Tuesday, November 25, 2008

Neal Charnoff complements All Things Consdered with his love of music.

All Things Considered host Neal Charnoff was VPR's jazz host and always has a stack of CDs on his desk. His music 'buttons' in between the stories on All Things Considered often have a humorous angle....

"I love being able to connect the music to the story, either thematically, or literally. Sometimes the connection is subtle, sometimes more obvious. I trust public radio listeners to pick up on the connection, without me having to spell it out.

For example, during the election, I would occasionally use an instrumental version of Tears For Fears "Everybody Wants To Rule the World". Of course not everyone knows that song, but I felt enough people would recognize it to get the joke.

Another example is a story Steve Zind did on turkey calling. Jazzman Clark Terry is fond off scat-singing gibberish, and it sounds a bit like turkey calling, so it was a funny way to come out of the story.

Of course it's important to gauge the tone of the stories or commentaries you'll be coming out of. I try to keep a library of music that would fit any occasion, sad or happy. Commentator Mike Martin often writes about French issues, so I have some accordian music to go with his essays. For Willem Lange, I tend to go with folksy guitar music.

Sometimes it's a communal effort. If we have a story about trains, we'll run around the building asking people what their favorite train songs are.

We're always on a deadline, and I don't always find the right piece of music in time. But when the process works, it really adds a dimension to our news stories. I think the connection between music and story-telling is part of what makes the public radio experience so satisfying. "

Neal Charnoff

Morning Edition Host Mitch Wertlieb reveals his inspiration for musical moments

Every day, VPR receives at least one email that reads something like this, "Right before 8 o'clock this morning, I heard this great piece of music. Can you tell me what that was?" Morning Edition Host Mitch Wertlieb explains...

"I have no shame admitting that my origins in radio stem from a stint as a late-night DJ for my college radio station, and to this day I have a real passion for all kinds of music. As a journalist and Morning Edition host, I don’t think my passions for news and music must always be mutually exclusive. When I look at the stories, interviews, and commentaries we have coming up on Morning Edition each day, a little trigger will sometimes go off, and that DJ voice inside my head says “Hey, wouldn’t this or that song be a nice complement coming out of this story?”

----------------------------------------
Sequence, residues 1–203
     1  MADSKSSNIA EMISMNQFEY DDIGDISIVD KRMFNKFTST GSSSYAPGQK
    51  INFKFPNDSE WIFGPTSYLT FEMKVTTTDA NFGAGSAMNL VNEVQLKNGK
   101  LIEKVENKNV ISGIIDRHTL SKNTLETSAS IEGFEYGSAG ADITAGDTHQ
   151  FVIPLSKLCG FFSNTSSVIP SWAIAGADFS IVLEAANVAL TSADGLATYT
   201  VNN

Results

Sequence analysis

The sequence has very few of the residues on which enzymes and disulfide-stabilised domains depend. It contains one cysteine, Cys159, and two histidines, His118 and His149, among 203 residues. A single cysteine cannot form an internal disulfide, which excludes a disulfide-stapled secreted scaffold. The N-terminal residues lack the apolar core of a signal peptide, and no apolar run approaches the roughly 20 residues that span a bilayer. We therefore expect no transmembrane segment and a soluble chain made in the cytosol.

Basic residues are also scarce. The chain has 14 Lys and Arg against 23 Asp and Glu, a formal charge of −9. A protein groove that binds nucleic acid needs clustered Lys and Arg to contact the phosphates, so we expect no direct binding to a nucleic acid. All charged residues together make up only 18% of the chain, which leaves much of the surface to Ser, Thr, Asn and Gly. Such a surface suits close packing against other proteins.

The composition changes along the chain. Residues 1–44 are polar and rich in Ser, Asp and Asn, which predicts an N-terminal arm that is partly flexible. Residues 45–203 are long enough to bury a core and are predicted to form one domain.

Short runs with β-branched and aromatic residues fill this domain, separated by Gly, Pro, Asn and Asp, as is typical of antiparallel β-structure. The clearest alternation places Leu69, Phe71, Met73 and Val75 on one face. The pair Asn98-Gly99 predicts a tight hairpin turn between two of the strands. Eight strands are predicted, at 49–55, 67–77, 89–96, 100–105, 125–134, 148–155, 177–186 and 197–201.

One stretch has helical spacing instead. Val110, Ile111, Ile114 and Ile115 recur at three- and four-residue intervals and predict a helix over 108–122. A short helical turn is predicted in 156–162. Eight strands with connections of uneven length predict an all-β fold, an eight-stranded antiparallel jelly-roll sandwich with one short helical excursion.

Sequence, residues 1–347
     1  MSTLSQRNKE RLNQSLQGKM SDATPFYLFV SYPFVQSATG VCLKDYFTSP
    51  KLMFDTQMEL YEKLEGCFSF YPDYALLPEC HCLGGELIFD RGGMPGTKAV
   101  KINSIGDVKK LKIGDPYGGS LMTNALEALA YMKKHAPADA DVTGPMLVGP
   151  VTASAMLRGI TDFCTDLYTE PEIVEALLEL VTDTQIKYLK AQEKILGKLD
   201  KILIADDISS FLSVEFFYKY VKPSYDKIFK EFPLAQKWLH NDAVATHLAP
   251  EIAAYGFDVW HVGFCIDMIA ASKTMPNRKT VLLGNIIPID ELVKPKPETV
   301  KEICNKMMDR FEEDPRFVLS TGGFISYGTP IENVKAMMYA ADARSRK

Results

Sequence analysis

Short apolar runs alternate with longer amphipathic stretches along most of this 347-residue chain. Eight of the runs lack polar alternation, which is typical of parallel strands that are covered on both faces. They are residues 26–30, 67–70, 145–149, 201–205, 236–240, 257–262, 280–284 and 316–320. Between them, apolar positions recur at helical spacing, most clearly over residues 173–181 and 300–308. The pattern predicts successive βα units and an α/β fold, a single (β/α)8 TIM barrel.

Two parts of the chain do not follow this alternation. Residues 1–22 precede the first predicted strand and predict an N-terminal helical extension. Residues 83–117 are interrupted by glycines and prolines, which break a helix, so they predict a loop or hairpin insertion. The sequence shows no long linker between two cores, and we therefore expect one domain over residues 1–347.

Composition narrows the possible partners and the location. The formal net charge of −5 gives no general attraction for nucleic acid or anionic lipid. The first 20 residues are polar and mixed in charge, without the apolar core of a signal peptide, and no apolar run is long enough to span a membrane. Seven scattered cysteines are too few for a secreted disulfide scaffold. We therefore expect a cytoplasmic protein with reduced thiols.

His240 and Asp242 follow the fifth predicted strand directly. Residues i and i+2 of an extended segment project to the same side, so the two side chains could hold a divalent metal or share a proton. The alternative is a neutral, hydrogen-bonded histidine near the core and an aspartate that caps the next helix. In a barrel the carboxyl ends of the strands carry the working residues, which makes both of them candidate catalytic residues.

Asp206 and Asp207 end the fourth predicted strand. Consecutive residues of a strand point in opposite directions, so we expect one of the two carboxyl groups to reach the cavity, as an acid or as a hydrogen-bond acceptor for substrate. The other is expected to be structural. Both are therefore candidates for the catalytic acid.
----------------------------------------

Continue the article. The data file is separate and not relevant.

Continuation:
I remember one of our commentators once voicing a thoughtful essay about how important it is for hikers to remember that sedge grass on some of Vermont’s mountaintops is very sensitive and vulnerable to being trampled on by less-than-aware visitors, so following that piece I played a snippet of the Elvis Costello song “You Better Watch Your Step.”

Many other times I try to weave some appropriate acoustic guitar music or a contemplative jazz piece after a story to enhance and reflect on the meaning of what we’ve just heard. But most of the time, for the local breaks in the show I just like to play bits of some of my favorite music. It’s the same as the music I listen to at home or on long road trips in the car.

This has led to a very pleasant outpouring of correspondence from listeners who share my love for the music of the late great Jerry Garcia and the Grateful Dead, as well as music by Vermont’s own Phish, Guagua, and Grace Potter and the Nocturnals. You’re also likely to hear a healthy dose of jazz by McCoy Tyner, and funk by bands like Soulive and The Meters.

The news can often be difficult to take, and sometimes music—even in brief excerpts—can provide a kind of respite to remind us of one of the great joys of life that’s universally shared. I’m grateful that VPR allows me the opportunity to express my musical tastes, and that so many VPR listeners have responded and shared their own as well."

Mitch Wertlieb

NPR's new CEO and new building initiative

I've just concluded my final set of meetings after 7 years as a member of the NPR Board of Directors, and wanted to share my impressions on two major initiatives underway. The first is the recent announcement of the selection of a new President and CEO - a top priority for any board. Vivian Schiller (right), currently Senior Vice President and General Manager at the NY Times.com, was hired by the Board on Nov. 11. (Story and photo from NPR here and an article from the Washington Post here; picture courtesy of NPR).